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Posted: 2019-07-10

Vets ‘integral’ to stopping EI spread, AHT says
June was said to be a ‘bumper period’ for EI, accounting for just over a third of all cases so far this year in just one month.

Latest update prompts concerns over equine events 

Vets are ‘integral’ to stopping the spread of equine influenza in the UK, the Animal Health Trust (AHT) has said, following a recent update that raises concerns about equine events.

In an email to the Equine Veterinary Group (UK), Dr Richard Newton and Fleur Whitlock said the AHT is continuing to report confirmed cases of equine influenza, with total outbreaks approaching 180 so far this year.

June was said to be a ‘bumper period’ for EI, accounting for just over a third of all cases so far this year in just one month. However, these cases are thought to be an underestimation of the true extent of outbreaks, with many cases going undiagnosed.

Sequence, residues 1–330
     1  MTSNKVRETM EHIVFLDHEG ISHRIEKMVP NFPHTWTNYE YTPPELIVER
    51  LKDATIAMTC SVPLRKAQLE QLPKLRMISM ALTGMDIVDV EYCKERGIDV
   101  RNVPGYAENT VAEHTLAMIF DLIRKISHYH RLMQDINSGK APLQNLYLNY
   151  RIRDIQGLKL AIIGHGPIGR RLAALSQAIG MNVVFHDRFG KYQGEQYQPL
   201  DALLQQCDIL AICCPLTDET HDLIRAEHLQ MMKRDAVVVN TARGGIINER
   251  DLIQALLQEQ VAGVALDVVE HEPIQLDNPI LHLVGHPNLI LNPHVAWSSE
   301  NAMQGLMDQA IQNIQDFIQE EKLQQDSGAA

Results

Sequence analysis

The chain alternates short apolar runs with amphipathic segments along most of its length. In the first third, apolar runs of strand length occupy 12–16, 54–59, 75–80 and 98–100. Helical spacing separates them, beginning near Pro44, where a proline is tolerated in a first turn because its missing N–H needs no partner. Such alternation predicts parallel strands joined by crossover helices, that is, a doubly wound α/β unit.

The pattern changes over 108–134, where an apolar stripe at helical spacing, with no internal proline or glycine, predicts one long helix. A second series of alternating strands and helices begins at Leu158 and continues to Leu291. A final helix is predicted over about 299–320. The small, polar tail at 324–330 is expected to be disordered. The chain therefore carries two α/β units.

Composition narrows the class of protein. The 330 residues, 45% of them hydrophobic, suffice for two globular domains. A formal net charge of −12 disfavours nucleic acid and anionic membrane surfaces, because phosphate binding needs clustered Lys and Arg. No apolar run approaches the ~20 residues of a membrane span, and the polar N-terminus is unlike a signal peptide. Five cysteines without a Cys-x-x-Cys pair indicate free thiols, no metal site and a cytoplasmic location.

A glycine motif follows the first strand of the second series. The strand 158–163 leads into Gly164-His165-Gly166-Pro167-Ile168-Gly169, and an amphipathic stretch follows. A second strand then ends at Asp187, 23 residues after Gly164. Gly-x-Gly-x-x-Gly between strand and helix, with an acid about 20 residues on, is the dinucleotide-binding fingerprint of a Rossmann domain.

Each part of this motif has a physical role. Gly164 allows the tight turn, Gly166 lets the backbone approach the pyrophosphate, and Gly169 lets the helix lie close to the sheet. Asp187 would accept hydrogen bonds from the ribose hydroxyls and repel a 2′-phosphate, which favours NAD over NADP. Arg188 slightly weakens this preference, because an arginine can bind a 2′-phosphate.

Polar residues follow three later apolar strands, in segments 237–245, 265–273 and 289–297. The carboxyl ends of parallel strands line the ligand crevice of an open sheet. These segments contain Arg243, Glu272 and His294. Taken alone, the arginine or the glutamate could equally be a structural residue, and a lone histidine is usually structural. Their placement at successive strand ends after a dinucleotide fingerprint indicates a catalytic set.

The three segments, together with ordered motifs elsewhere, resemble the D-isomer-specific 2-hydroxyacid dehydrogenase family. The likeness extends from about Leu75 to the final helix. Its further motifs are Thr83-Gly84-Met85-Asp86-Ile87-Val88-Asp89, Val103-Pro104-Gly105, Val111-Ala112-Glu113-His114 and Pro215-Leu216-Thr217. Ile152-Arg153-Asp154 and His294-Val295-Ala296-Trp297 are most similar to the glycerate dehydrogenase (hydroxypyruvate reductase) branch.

The AHT said there has been a week-on-week increase in the number of confirmed cases since the end of April. Increased movement and riding of horses in late spring and summer is said to be a contributing factor, as well as un-vaccinated animals attending events that do not demand EI vaccination as an entry requirement.

AHT put together a series of recommendations for horse owners and event organisers, stressing the importance of the veterinary profession in sharing these messages.

Recommendations include ensuring all horses attending events are vaccinated, ideally confirming vaccination status before arrival. Events are strongly recommended to only accept horses that have had a booster within the past six months, when they are at least five days post-vaccination.

Organisers should confirm there has been no recent history of infectious disease on the competitors’ home yard before they leave for the event.

Owners should also be advised about biosecurity at the competition and when they get back to their home premises. In addition, AHT provided guidance on best practice for introducing new equines to premises.

Vets were also advised to optimise biosecurity between routine calls, as well as carrying appropriate equipment for decontamination and only visiting suspected infectious disease cases at the end of the day as the last call.




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